Glass ceiling vs obstacles(5 Posts)
I feel that while once the concept of a glass ceiling was a good way to describe how women in the past could see success but were blocked from entering into its sphere, I think nowadays it seems more like there's a fanfare about how women have every opportunity to get to the top while at the same time hurdles are quietly put in their way to make their path to success that much more tiring, that much more frustrating, that much less worth it than the path followed by their male peers. Women then get demoralised and drop out and everyone points to them and says, "Look, they don't have the drive to do it, there's something wrong with them." Hence the endless idiocy about how to "empower" women as though we're idiots, or are far too stupid to understand success.
As an example, recently a very successful colleague of DH's, who was also of the opinion that feminism was a thing of the past, faced her first obvious hurdle (the first she couldn't dismiss as being somehow necessary, or her fault) when she was promoted and then told that even though every other (male) predecessor in the job had had at least one assistant (sometimes many, and they all used the office staff like their personal gofers) suddenly there was no more money for her to have an assistant and she would have to do the extremely full-on time consuming job entirely on her own. Thankfully, she woke up and realised what was happening, challenged it, and they backed down. But even still the damage is done. A confident, ridiculously successful woman has been given the message that support is being withdrawn, she's not entitled to the "perks" (if an assistant is a perk, in fact it's absolutely essential and they couldn't deny that when she protested) of being in the upper echelons, that as a woman she can't expect someone to help organise her as women just do that automatically (with their wombs, I suppose) etc etc.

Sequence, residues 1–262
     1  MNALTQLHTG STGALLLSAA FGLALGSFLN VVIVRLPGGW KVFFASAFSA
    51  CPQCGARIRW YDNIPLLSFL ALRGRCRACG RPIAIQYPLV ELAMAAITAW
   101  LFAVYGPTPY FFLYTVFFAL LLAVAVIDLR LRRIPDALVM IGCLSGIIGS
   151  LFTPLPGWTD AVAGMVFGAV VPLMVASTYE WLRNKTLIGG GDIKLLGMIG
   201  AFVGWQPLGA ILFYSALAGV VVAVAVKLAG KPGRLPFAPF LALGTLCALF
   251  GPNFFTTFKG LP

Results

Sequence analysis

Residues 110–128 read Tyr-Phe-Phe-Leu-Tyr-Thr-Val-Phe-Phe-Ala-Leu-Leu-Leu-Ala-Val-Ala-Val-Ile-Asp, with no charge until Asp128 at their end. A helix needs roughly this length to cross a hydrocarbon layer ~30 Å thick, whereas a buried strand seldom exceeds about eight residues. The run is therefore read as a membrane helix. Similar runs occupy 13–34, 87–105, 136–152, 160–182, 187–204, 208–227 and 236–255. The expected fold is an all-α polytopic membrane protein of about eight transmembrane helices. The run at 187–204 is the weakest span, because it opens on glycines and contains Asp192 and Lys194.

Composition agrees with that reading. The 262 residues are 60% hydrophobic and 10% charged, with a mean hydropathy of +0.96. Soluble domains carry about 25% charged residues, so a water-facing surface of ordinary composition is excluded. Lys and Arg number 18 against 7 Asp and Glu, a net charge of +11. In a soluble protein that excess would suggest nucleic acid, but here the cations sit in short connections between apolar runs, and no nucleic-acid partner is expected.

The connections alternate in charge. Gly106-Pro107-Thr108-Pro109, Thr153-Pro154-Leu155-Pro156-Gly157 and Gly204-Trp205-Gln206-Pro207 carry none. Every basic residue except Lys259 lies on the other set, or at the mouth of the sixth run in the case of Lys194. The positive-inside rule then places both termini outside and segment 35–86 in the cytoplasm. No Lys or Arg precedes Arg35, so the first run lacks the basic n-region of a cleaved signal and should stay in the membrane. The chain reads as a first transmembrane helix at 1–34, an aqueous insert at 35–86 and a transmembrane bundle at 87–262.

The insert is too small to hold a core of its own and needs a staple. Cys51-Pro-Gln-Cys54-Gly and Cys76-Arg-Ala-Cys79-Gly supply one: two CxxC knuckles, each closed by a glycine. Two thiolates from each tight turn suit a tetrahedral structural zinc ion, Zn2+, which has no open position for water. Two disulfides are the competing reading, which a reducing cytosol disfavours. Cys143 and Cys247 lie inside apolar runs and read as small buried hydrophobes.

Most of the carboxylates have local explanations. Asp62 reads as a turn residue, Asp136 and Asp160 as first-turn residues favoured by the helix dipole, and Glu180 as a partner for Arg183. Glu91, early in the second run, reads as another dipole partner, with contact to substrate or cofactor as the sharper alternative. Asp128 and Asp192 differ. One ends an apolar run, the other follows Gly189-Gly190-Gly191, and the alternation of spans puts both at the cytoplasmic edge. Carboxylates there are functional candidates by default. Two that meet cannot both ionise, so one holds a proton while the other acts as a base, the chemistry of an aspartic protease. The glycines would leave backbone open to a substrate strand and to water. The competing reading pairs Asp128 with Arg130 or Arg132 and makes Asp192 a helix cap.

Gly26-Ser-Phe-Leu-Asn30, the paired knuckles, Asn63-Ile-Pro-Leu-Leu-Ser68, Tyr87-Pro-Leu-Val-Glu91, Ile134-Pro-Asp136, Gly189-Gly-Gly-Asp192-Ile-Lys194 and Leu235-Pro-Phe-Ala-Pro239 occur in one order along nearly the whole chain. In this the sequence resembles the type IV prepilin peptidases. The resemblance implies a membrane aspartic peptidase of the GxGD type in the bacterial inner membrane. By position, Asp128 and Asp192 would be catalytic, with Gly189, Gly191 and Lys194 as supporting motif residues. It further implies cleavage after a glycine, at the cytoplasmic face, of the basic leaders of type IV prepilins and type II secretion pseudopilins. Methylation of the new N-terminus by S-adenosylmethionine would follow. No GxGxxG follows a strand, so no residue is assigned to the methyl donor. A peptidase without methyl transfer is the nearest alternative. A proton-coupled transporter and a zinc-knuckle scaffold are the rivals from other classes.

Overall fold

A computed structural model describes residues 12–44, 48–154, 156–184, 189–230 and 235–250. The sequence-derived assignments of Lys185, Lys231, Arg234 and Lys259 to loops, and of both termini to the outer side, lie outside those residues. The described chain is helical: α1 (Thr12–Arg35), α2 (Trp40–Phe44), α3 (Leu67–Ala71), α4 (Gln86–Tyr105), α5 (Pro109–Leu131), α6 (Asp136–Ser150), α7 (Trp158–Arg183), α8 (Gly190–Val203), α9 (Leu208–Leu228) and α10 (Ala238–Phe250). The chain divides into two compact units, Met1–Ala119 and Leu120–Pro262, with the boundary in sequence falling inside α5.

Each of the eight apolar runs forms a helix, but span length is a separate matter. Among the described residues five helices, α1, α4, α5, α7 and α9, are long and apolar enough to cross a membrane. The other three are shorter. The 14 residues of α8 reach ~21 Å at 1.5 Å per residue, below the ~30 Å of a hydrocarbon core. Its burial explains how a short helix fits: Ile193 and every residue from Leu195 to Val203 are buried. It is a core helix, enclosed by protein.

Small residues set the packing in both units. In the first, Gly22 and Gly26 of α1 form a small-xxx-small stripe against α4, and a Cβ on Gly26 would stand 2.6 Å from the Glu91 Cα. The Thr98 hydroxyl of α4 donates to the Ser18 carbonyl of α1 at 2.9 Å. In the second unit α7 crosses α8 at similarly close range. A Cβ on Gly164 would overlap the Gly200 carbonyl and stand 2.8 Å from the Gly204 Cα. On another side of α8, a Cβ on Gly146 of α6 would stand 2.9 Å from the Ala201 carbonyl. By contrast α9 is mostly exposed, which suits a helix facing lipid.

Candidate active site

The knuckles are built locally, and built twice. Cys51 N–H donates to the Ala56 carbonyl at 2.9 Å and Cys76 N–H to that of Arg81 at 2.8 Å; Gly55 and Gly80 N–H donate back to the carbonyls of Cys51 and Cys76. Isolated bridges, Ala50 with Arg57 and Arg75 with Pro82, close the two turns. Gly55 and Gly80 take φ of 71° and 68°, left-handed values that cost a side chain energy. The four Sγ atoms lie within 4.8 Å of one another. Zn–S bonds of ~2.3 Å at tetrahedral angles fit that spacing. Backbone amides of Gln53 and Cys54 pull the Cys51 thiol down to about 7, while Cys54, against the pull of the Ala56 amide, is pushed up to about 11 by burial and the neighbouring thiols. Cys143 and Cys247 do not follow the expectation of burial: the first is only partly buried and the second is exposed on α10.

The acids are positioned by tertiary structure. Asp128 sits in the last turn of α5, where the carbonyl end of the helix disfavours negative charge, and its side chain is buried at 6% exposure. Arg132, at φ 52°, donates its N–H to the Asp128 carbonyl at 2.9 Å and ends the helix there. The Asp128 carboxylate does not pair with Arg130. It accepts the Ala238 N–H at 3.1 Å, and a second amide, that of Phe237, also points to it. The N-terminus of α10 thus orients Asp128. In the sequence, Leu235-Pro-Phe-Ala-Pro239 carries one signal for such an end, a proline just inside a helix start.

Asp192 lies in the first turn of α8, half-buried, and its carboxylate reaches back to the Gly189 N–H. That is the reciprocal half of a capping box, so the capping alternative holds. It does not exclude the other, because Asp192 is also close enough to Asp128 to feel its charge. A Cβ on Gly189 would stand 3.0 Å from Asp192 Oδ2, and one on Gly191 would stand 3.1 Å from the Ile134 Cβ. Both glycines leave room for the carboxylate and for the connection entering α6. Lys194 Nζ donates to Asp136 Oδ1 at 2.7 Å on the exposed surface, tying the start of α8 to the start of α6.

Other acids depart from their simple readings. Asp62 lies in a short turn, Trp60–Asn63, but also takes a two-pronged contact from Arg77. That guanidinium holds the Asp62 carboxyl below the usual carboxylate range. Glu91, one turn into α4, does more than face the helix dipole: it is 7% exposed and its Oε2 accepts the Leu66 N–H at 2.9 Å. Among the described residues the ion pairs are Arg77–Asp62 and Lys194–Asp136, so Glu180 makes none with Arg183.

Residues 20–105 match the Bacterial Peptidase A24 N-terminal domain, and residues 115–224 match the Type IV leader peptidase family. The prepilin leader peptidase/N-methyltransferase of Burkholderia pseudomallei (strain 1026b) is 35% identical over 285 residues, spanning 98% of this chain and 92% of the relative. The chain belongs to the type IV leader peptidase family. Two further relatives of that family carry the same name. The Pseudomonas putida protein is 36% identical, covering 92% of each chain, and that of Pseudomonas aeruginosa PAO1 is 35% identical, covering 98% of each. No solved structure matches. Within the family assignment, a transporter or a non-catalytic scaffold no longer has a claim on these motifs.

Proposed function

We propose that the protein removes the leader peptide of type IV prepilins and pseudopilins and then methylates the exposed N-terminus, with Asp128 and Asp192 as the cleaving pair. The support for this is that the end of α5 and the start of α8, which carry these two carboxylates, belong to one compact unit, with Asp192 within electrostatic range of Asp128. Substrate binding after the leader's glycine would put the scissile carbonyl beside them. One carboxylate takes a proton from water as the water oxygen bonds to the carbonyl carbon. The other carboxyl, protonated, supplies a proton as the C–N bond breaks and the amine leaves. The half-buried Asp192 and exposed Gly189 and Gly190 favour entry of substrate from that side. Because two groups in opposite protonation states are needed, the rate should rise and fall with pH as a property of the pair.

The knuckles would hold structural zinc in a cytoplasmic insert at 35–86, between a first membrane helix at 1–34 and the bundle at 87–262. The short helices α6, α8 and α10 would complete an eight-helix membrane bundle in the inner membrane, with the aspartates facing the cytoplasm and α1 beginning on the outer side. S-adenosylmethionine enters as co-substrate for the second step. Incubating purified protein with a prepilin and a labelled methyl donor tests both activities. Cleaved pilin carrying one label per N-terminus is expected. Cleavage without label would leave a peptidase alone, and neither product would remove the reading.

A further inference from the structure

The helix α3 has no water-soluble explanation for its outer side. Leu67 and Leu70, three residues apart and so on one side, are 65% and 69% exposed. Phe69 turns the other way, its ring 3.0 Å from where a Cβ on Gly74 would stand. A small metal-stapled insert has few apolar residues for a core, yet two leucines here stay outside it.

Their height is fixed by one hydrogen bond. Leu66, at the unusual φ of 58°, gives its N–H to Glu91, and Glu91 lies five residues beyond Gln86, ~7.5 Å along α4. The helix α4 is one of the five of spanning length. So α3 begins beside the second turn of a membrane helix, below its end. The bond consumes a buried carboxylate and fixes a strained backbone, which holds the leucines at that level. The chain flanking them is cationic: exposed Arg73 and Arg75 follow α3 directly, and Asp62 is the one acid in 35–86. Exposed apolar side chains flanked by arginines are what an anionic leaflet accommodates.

I want to see an end to this idea that women can't or won't accept success and a recognition that once success comes within their grasp women are subtly overburdened, subtly undermined, subtly (or perhaps not so subtly) given the message that they've gone far enough and the road ahead is closed.
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